Florence, Sumter Rank Among Poorest US Metro Areas

Paging the “Godfather of Pork …”

Residents of Florence, South Carolina are represented by the most powerful man in Palmetto politics: State Senate president (and finance committee chairman) Hugh Leatherman.

More than any other politician in the state, Leatherman sets the tone for how money is spent – and how laws are passed – in South Carolina.

How is his unrivaled influence paying off for his people?   Obviously we know the diminutive liberal “leader” has no problem using his power to help himself, but what about helping the people he ostensibly represents?  How is he doing on that front?

Not well …

According to the latest data release from the U.S. Census Bureau’s American Community Survey, Florence ranked among the bottom thirty of the nation’s 382 metropolitan statistical areas (MSAs) in median household income in 2016.  People living in the Florence MSA had a median household income of only $42,200 last year, the data found.

As a result, the area ranked No. 353 among all U.S. MSAs.

Among Palmetto State MSAs, only Sumter, S.C. ranked worse (No. 368)  – with median household income of only $40,614.

Those are abysmal outcomes, people … and remember, this is before we get into the rural regions of the dirt poor Pee Dee (Leatherman’s fiefdom).  Things are even worse when you get outside of the metropolitan areas.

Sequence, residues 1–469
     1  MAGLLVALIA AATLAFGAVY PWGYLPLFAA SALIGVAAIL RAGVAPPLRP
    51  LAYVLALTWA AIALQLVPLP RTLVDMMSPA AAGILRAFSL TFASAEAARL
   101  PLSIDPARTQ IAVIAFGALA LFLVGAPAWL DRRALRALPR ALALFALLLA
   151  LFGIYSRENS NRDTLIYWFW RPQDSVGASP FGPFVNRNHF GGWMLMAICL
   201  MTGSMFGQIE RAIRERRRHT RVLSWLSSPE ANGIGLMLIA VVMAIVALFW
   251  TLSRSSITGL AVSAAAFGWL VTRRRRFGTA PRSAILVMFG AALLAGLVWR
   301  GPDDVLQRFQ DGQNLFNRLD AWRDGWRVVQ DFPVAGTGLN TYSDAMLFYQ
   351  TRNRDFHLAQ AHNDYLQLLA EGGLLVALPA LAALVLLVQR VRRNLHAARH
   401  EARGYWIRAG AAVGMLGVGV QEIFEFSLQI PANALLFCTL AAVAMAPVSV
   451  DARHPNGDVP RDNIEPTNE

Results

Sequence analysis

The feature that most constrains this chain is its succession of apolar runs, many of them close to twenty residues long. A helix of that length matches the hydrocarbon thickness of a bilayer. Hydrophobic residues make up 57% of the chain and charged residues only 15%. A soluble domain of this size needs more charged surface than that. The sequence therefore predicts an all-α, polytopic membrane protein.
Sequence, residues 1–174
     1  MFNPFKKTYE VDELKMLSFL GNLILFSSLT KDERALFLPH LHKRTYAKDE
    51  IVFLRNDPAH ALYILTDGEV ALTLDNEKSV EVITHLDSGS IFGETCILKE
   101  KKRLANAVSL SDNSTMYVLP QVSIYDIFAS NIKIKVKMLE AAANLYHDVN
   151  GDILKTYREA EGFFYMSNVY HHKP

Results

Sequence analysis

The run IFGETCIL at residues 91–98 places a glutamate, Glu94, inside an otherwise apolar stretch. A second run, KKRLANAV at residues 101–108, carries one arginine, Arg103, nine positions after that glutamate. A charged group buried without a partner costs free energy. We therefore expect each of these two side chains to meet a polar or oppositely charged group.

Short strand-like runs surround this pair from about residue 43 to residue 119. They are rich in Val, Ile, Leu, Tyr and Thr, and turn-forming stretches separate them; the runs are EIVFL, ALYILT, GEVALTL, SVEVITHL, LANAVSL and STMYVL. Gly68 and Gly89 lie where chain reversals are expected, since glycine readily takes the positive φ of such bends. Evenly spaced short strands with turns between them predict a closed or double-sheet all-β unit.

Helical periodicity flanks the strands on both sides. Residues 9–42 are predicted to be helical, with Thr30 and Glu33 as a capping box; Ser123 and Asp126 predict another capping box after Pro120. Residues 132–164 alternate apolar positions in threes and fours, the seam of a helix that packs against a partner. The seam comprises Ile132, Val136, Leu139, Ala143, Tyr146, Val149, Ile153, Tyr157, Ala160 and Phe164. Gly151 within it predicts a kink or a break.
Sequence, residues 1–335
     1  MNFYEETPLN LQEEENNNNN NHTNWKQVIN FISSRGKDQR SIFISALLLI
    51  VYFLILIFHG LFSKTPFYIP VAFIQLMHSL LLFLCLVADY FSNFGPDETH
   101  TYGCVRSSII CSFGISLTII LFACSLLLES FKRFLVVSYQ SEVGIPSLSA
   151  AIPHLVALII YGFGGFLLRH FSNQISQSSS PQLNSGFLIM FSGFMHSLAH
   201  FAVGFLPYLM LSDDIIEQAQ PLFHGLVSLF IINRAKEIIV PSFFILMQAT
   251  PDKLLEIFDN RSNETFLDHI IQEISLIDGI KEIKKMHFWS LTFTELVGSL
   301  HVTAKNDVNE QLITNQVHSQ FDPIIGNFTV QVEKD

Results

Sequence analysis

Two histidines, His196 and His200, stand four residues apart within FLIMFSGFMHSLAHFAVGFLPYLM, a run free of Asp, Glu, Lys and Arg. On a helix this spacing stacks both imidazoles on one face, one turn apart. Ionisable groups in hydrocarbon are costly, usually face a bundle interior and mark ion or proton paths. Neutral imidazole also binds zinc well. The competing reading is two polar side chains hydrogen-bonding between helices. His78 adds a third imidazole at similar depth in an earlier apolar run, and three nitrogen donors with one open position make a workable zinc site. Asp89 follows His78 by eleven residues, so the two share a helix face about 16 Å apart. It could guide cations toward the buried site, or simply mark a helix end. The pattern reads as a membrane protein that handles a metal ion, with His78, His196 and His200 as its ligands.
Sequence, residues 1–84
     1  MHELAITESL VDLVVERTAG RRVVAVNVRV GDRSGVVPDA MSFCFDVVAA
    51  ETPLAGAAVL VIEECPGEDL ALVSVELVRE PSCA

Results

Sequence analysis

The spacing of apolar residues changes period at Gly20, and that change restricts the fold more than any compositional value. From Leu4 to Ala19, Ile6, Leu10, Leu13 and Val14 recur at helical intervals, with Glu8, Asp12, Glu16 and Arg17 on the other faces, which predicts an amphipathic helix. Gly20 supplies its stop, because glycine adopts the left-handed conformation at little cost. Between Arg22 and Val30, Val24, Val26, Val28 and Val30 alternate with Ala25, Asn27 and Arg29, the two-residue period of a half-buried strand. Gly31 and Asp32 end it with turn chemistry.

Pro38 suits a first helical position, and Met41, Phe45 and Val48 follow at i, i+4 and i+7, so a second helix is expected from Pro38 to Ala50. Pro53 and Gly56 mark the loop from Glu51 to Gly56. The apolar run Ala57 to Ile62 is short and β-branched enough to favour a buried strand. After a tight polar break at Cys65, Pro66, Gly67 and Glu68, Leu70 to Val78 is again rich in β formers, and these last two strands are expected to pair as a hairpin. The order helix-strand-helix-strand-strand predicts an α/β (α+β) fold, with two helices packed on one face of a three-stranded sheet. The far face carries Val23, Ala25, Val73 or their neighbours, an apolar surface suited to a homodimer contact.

Are we surprised by this data?  No.  This is (sadly) par for the course in South Carolina – a banana republic that’s beginning to resemble something out of the Dark Ages.

The only question is this: How long will those of us getting screwed over by these corrupt politicians continue to take it?

Last spring, the left-leaning Economic Policy Institute (EPI) released a report showing that from 2009-2013 South Carolina was one of fifteen states in which the top one percent of income earners captured all of the income growth over that five-year period.

Additionally, the report found South Carolina was one of only ten states in the nation in which the top one percent of earners saw incomes climb by double digits from 2009-2013 while the bottom 99 percent saw incomes fall over the same time period.

In other words, the “recovery” in the Palmetto State has been a myth for the overwhelming majority of its citizens.

We’re just beginning to pore through the latest Census data.  Stay tuned for much more …



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